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gardens which Maecenas laid out on the Esquiline, on the Servian agger and the adjacent necropolis, thus transforming this unsavoury region into a beautiful promenade (Hor. Sat. i. 8. 14; Acro, Porphyrio, and Comm. Cruq. ad loc.). They became imperial property after the death of Maecenas, and Tiberius lived here after his return to Rome in 2 A.D. (Suet. Tib. 15). Nero connected them with the Palatine by his DOMUS TRANSITORIA (q.v.) (Tac. Ann. xv. 39), and viewed the burning of Rome from the turris Maecenatiana (Suet. Nero 38). This turris was probably the molem propinquam nubibus arduis of Horace (Carm. iii. 29. 10). These gardens were near those of Lamia, but it is not easy to reconcile the indications of the ancient literature or to determine their exact location. Topographers are not agreed as to whether they lay on both sides of the agger and both north and south of the porta Esquilina. Maecenas is said to have been the first to construct a swimming bath of hot water in Rome (Cass. Dio lv. 7), which may have been in the gardens. Whether the horti Maecenatiani of Fronto (Ep. i. 8) were the former gardens of Maecenas, or called so for some other reason, is unknown. The domus Frontoniana mentioned in the twelfth century by Magister Gregorius may refer to them (JRS 1919, 35, 53).1 For the description of a building, often thought to be within these horti, see AUDITORIUM MAECENATIS. Many of the puticuli of the ancient necropolis have been found near the north-west corner of the Piazza Vittorio Emanuele, that is, outside the porta Esquilina and agger, and north of the via Tiburtina vetus, and probably the horti extended north from this gate and road on both sides of the agger (HJ 345-7 ; BC 1874, 166-17 ; Richter, 313; LR 411-413; Cons. 155 ff. for works of art found here).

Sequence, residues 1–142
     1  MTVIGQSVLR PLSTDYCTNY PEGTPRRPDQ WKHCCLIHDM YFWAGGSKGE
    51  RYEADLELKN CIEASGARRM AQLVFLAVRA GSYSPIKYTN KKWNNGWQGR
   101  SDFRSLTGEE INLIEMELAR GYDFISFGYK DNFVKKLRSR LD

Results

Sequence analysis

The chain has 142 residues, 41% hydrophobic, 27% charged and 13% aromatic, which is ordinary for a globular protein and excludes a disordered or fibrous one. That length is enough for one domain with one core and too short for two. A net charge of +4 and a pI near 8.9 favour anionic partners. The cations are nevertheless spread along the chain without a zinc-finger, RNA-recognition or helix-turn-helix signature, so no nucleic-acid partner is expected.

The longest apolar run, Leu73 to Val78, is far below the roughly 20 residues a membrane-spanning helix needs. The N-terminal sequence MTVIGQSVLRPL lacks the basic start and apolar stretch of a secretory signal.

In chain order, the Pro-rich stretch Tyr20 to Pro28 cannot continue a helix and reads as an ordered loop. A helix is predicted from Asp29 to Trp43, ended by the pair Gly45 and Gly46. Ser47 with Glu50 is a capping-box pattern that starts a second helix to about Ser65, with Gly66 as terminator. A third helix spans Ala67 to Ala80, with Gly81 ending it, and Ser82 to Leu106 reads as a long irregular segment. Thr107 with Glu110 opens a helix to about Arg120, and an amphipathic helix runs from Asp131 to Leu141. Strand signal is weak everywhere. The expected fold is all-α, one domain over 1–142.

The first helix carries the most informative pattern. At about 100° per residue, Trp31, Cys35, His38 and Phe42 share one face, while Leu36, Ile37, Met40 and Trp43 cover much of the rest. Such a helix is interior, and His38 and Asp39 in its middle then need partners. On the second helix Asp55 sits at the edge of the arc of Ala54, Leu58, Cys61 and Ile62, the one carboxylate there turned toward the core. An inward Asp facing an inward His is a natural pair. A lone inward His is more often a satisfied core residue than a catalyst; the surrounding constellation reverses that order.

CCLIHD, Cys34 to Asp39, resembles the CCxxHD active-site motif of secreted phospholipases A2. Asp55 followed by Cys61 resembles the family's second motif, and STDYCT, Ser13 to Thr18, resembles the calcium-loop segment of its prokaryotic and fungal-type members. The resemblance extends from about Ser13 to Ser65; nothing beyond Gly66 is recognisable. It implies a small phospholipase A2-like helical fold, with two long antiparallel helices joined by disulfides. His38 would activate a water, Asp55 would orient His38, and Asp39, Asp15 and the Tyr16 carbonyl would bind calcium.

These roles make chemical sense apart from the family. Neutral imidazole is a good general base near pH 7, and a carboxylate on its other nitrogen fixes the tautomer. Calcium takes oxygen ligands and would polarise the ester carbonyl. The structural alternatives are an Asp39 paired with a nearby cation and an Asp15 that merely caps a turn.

1 Hiilsen suggests that it is probably an invention, like the Domus Aquilea (ib.).

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2 AD (1)
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